- The Washington Times - Friday, April 5, 2019

The U.S. Supreme Court on Friday denied an application from gun-rights advocates to delay the Trump administration’s ban on bump stock-type devices, which took effect on March 26.

The court said the application for a stay was denied, but that Justices Clarence Thomas and Neil Gorsuch would have granted it.

The high court has already turned aside multiple petitions to delay the ban on the devices, which attach to semiautomatic weapons to mimic the rate of machine gun fire.

Judge blocks Trump's border wall emergency
'Social credit score': China set to roll out 'Orwellian' mass surveillance tool
Student says teacher yanked 'Women for Trump' pin off chest, files police report: 'It's not OK'

The court also said it would refer a request to grant a more limited stay of five days to allow the petitioners to comply with the ban to the U.S. Court of Appeals for the D.C. Circuit.

A panel on the D.C. Circuit court ruled earlier this week that a lower court was correct in denying a preliminary injunction to block the administration’s ban on the devices.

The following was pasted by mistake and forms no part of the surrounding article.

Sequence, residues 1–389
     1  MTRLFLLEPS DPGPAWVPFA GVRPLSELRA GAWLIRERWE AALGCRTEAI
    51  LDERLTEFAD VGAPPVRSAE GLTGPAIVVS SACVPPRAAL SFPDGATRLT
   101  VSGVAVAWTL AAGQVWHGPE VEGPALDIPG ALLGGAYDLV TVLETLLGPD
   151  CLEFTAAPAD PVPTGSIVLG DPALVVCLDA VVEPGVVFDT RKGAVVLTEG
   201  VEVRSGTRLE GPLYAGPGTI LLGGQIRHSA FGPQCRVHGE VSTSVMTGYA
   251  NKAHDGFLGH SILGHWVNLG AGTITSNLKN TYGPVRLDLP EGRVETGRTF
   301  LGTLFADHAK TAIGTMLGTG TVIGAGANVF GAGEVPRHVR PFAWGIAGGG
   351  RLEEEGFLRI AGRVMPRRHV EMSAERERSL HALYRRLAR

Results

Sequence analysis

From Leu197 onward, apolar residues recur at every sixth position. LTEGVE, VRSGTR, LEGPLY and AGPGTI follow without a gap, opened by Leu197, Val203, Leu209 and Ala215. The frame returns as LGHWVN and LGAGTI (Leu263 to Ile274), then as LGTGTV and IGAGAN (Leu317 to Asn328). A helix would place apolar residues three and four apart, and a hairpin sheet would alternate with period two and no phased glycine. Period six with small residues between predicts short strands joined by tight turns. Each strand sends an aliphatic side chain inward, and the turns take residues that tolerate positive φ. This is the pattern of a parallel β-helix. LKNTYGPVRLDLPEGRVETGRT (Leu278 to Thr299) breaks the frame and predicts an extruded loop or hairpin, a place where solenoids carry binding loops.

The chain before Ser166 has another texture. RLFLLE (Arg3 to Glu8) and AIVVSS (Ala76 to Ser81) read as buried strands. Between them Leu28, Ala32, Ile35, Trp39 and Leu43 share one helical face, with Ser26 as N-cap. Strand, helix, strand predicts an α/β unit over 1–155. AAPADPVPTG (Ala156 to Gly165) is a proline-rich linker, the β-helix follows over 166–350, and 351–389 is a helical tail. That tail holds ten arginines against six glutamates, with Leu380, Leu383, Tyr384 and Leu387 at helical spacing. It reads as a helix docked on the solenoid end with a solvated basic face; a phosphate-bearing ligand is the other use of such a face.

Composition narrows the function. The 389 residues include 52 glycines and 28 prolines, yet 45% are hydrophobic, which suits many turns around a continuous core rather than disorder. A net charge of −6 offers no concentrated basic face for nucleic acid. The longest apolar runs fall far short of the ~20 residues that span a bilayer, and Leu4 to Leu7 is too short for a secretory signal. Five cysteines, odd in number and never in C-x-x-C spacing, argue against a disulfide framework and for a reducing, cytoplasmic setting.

The Firearms Policy Foundation, one of the groups involved in the case, indicated that they plan to seek a rehearing before the full appellate court.

The group and other gun-rights advocates say the Trump administration lacks the authority to regulate the devices, pointing to rulings during the Obama and George W. Bush administrations that the devices weren’t “machine guns” themselves and so Congress would need to approve a new ban.

The public is generally banned from possessing machine guns made after 1986.

But the Trump administration said it took a fresh look at the issue after the October 2017 shooting in Las Vegas, where the gunman used bumps stocks to rain fire down on concertgoers, killing 58 people, and concluded that the devices are machine guns and can be regulated under federal law.

Thus far, the courts have sided with the administration.

Sign up for Daily Newsletters

Manage Newsletters

Copyright © 2019 The Washington Times, LLC. Click here for reprint permission.

Please read our comment policy before commenting.


Click to Read More and View Comments

Click to Hide